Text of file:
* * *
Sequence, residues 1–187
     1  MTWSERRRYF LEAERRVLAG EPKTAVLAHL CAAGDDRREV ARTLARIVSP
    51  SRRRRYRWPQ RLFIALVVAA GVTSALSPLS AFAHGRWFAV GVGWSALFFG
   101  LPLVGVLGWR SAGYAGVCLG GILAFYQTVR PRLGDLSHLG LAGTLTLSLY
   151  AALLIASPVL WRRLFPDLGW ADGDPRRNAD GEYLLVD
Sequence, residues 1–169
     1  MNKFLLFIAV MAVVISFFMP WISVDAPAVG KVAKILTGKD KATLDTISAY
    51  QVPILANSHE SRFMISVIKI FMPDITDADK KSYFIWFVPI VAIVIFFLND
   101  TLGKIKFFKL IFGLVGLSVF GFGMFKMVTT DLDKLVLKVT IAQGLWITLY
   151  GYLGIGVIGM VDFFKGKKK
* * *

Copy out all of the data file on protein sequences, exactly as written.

Sequence, residues 1–187
     1  MTWSERRRYF LEAERRVLAG EPKTAVLAHL CAAGDDRREV ARTLARIVSP
    51  SRRRRYRWPQ RLFIALVVAA GVTSALSPLS AFAHGRWFAV GVGWSALFFG
   101  LPLVGVLGWR SAGYAGVCLG GILAFYQTVR PRLGDLSHLG LAGTLTLSLY
   151  AALLIASPVL WRRLFPDLGW ADGDPRRNAD GEYLLVD
Sequence, residues 1–169
     1  MNKFLLFIAV MAVVISFFMP WISVDAPAVG KVAKILTGKD KATLDTISAY
    51  QVPILANSHE SRFMISVIKI FMPDITDADK KSYFIWFVPI VAIVIFFLND
   101  TLGKIKFFKL IFGLVGLSVF GFGMFKMVTT DLDKLVLKVT IAQGLWITLY
   151  GYLGIGVIGM VDFFKGKKK